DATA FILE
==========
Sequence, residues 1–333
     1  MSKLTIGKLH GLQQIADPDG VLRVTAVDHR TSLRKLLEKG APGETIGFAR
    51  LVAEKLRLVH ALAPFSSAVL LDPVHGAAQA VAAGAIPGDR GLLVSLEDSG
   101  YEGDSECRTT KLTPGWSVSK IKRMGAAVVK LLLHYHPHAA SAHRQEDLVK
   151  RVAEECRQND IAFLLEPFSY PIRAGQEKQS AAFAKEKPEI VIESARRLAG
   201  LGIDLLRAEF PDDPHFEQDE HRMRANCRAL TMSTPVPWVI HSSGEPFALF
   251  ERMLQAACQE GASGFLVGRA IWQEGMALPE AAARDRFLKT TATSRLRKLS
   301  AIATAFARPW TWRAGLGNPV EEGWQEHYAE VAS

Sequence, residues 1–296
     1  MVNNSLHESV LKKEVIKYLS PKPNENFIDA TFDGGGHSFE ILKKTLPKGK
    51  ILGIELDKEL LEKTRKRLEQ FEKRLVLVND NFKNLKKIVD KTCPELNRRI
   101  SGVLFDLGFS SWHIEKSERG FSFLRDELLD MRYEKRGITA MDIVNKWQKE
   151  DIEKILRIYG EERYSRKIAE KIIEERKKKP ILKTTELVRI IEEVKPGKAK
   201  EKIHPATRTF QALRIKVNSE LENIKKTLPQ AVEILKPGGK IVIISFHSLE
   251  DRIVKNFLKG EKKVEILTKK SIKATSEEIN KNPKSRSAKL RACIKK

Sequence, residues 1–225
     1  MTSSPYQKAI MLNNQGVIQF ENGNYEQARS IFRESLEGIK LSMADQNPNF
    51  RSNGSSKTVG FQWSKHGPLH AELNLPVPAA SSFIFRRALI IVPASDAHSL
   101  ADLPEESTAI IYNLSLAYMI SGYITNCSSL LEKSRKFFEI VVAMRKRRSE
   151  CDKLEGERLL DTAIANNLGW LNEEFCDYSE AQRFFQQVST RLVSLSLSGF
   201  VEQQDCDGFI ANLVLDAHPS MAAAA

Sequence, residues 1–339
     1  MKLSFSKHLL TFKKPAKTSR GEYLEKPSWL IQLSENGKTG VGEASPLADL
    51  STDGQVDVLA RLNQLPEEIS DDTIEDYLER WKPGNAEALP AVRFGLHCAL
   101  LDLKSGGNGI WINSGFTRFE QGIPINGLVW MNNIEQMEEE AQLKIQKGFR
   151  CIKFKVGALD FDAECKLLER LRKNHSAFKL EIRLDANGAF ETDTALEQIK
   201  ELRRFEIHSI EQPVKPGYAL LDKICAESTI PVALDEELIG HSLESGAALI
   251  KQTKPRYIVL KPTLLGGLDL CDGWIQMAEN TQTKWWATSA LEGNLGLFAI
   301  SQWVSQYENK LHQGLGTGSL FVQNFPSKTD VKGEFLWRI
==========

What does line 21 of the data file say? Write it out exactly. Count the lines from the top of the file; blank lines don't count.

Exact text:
   201  VEQQDCDGFI ANLVLDAHPS MAAAA